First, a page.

Gloucestershire (/ˈɡlɒstərʃər/ ⓘ GLOST-ər-shər, /-ʃɪər/ -sheer; abbreviated Glos.) is a ceremonial county in South West England. It is bordered by Herefordshire to the north-west, Worcestershire to the north, Warwickshire to the north-east, Oxfordshire to the east, Wiltshire to the south, Bristol and Somerset to the south-west, and the Welsh county of Monmouthshire to the west. The city of Gloucester is the largest settlement and the county town.
The county is predominantly rural, with an area of 3,150 square kilometres (1,220 sq mi) and a population of 916,212. After Gloucester (118,555) the largest distinct settlements are Cheltenham (115,940), Stroud (26,080), and Yate (28,350). In the south of the county, the areas around Filton and Kingswood are densely populated and part of Bristol built-up area. For local government purposes Gloucestershire comprises a non-metropolitan county, with six districts, and the unitary authority area of South Gloucestershire.
Gloucestershire is bisected by the river River Severn, which enters the county near Tewkesbury and forms a wide valley down its centre before broadening into a large tidal estuary. The hills to the east form the majority of the Cotswolds AONB, and the uplands to the west are part of the Forest of Dean and the Wye Valley AONB, which stretches into Wales.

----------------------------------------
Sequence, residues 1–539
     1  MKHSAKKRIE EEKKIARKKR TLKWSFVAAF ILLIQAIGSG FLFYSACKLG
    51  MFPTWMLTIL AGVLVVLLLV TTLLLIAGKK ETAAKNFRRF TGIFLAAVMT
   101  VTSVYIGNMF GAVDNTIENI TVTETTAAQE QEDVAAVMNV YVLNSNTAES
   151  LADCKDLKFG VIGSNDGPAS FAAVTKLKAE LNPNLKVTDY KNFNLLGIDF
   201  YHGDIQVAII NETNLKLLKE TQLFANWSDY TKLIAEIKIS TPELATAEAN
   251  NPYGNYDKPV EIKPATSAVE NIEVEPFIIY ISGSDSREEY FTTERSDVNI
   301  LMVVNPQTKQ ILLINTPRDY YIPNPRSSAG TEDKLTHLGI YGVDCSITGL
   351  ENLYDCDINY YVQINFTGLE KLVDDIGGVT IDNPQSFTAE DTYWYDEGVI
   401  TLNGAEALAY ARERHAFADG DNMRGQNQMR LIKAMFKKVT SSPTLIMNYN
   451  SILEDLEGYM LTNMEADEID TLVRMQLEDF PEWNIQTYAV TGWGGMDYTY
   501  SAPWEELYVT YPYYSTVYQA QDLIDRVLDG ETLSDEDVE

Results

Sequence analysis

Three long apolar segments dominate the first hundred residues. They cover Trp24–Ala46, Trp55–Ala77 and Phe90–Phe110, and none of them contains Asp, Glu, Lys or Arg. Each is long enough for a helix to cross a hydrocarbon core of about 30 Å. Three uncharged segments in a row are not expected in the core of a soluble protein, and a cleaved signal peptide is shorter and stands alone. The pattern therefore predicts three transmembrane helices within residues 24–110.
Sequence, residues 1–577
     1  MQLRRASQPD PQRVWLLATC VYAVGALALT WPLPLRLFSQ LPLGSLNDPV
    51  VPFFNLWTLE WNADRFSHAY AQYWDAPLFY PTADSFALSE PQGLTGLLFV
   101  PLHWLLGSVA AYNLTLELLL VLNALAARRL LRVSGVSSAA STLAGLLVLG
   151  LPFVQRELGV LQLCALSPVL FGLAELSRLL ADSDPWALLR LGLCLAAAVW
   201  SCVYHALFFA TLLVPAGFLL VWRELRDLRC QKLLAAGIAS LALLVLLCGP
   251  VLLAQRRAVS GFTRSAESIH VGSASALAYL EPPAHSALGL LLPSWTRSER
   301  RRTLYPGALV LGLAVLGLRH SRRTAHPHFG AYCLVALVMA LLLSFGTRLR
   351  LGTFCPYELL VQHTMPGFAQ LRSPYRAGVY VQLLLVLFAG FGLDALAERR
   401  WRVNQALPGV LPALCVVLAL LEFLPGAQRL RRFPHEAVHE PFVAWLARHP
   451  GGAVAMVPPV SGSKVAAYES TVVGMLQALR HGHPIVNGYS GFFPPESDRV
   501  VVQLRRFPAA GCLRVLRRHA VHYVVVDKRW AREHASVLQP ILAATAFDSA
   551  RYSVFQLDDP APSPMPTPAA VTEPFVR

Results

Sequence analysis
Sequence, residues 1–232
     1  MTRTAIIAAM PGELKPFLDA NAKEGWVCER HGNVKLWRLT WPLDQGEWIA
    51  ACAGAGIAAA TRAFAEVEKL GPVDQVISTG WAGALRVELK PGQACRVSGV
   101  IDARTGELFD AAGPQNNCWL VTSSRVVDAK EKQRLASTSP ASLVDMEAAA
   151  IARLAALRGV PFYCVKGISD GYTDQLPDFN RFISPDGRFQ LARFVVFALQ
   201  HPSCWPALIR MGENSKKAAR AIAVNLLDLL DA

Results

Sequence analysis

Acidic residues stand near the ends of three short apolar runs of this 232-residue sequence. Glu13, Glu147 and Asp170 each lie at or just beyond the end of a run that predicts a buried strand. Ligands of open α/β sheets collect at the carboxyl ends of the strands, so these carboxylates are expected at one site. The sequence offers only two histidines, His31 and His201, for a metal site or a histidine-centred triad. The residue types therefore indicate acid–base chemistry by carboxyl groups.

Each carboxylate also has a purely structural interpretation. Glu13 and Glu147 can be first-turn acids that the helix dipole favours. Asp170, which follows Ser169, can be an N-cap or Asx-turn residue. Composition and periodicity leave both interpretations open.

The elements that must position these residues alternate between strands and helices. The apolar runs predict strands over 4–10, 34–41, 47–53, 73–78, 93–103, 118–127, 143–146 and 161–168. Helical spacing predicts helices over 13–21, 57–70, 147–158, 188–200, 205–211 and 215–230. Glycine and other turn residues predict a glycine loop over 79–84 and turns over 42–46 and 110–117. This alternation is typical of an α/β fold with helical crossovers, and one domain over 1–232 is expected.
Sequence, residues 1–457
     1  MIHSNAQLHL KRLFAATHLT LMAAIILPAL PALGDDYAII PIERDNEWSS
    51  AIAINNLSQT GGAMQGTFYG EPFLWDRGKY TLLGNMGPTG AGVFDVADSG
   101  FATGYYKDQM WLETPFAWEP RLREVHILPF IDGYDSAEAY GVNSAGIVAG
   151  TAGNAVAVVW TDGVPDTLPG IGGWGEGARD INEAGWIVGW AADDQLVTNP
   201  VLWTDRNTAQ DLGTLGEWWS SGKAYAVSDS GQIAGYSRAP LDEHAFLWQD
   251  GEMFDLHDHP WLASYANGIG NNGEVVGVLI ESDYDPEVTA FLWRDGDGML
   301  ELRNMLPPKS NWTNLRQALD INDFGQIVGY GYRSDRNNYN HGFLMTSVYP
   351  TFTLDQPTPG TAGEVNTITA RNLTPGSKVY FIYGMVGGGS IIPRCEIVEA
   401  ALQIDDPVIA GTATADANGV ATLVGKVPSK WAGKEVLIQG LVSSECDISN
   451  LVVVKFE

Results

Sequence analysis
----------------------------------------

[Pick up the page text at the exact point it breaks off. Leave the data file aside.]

Gloucestershire was likely established in the tenth century, and expanded to approximately its current borders in the eleventh. The county was relatively settled during the late Middle Ages, and contained several wealthy monasteries such as Tewkesbury, Gloucester, Hailes, and Cirencester; the Forest of Dean was also a major iron-producing region in this period. The city of Bristol became an independent county in 1373, by which point it was the third-largest in England. The county was not heavily industrialised during the Industrial Revolution, however the Port of Gloucester was expanded with new docks and the small Forest of Dean coalfield was exploited